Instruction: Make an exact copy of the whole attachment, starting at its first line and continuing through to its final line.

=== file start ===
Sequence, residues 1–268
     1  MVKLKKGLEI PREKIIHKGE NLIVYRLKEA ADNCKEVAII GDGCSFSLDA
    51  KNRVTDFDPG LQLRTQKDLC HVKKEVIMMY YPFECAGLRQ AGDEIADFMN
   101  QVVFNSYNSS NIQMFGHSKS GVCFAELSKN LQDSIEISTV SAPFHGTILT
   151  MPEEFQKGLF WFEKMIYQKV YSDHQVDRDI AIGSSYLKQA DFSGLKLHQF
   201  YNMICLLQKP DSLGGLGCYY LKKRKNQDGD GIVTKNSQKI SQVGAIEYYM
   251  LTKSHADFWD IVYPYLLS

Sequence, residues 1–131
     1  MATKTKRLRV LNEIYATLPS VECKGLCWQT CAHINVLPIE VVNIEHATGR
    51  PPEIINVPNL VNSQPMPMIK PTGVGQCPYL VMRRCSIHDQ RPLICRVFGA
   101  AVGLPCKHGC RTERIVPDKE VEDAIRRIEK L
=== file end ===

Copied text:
Sequence, residues 1–268
     1  MVKLKKGLEI PREKIIHKGE NLIVYRLKEA ADNCKEVAII GDGCSFSLDA
    51  KNRVTDFDPG LQLRTQKDLC HVKKEVIMMY YPFECAGLRQ AGDEIADFMN
   101  QVVFNSYNSS NIQMFGHSKS GVCFAELSKN LQDSIEISTV SAPFHGTILT
   151  MPEEFQKGLF WFEKMIYQKV YSDHQVDRDI AIGSSYLKQA DFSGLKLHQF
   201  YNMICLLQKP DSLGGLGCYY LKKRKNQDGD GIVTKNSQKI SQVGAIEYYM
   251  LTKSHADFWD IVYPYLLS

Sequence, residues 1–131
     1  MATKTKRLRV LNEIYATLPS VECKGLCWQT CAHINVLPIE VVNIEHATGR
    51  PPEIINVPNL VNSQPMPMIK PTGVGQCPYL VMRRCSIHDQ RPLICRVFGA
   101  AVGLPCKHGC RTERIVPDKE VEDAIRRIEK L